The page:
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With the renaissance of early 2000’s fashion, more women are seen in trucker hats but still not enough behind the wheel. As more male dominated industries see exponential progress in gender equality, the disparity of women in commercial trucking becomes extremely apparent. Within the transportation industry, there has been a massive upsurge of women within management, making up 23% in 2018. But, there are still only 7% women driving trucks or transport trailers. Why are women still shying away from being commercial drivers?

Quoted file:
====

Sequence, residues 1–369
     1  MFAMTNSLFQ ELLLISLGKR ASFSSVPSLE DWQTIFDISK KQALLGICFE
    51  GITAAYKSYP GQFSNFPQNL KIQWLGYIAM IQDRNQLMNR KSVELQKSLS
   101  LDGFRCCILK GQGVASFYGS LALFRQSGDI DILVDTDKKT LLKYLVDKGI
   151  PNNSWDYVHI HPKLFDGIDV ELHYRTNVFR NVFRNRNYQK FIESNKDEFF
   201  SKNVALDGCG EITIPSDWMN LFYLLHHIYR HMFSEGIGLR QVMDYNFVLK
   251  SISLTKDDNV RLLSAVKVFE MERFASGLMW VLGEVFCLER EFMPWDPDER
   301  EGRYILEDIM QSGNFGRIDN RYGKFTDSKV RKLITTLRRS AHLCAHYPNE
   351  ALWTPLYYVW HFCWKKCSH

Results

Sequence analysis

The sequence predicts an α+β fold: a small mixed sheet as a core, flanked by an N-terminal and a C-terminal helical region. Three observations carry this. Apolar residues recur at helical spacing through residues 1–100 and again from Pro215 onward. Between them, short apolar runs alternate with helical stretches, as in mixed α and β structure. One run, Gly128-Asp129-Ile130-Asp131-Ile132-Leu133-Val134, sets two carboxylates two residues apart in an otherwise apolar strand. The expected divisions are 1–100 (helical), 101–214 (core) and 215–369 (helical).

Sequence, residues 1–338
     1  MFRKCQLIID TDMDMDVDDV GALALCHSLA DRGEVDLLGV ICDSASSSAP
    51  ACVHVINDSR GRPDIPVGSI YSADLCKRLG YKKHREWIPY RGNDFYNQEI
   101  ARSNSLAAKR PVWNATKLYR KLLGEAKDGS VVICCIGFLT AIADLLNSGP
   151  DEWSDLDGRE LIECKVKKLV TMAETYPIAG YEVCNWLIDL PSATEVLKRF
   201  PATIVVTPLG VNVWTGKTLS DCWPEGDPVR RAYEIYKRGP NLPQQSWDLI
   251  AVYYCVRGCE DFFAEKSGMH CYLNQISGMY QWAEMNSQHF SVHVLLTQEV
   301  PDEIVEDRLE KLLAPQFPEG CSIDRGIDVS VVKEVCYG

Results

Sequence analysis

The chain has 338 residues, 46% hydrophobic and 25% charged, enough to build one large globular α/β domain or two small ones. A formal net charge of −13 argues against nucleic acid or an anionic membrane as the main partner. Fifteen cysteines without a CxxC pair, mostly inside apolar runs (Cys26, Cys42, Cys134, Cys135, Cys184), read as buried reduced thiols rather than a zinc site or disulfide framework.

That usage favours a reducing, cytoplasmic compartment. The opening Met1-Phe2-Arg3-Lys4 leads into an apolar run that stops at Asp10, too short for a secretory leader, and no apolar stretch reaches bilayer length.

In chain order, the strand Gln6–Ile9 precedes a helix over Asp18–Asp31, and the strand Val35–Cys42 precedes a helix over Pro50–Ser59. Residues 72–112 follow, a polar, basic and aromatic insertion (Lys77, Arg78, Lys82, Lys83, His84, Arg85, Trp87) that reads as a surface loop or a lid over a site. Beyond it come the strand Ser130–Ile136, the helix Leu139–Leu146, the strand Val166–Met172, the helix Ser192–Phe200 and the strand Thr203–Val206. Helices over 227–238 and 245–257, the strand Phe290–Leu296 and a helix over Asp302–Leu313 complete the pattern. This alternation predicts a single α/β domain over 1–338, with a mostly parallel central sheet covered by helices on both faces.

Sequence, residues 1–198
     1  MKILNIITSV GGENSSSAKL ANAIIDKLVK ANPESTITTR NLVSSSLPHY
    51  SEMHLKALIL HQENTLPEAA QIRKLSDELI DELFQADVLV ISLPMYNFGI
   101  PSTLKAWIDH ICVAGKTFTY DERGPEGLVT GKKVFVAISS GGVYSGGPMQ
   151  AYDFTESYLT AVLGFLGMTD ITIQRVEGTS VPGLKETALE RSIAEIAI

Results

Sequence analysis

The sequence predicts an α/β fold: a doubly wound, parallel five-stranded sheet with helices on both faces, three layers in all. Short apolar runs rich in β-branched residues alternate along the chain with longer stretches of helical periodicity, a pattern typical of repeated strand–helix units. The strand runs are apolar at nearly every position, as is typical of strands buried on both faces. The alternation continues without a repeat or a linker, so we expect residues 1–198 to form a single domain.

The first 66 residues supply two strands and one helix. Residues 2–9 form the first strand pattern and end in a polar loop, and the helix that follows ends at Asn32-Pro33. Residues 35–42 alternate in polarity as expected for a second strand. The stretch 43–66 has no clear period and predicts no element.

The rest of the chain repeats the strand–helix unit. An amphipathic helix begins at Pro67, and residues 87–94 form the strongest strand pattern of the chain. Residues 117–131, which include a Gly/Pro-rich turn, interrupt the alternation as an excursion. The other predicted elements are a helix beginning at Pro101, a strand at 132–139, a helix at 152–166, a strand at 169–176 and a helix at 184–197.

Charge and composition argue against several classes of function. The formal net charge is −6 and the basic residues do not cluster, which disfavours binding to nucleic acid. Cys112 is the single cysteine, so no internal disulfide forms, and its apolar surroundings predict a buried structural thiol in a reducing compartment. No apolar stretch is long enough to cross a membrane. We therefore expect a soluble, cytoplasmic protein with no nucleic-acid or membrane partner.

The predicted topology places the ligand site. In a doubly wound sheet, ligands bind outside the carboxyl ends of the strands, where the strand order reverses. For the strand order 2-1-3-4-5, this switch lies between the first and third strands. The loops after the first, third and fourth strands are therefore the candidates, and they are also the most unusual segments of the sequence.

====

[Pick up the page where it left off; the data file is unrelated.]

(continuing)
Societal norms and uninformed presumptions about the trucking industry play a huge factor in the lack of women behind the wheel. But with the pandemic, women have seen the impacts of unemployment more so than their male counterparts. This gap is due to the fact that women dominate service positions which were the first to be closed and the last to be reopened. Many are looking for a new career path; a job with stability and longevity in a new, uncertain workforce. A career as a commercial truck driver can provide both of these for many women.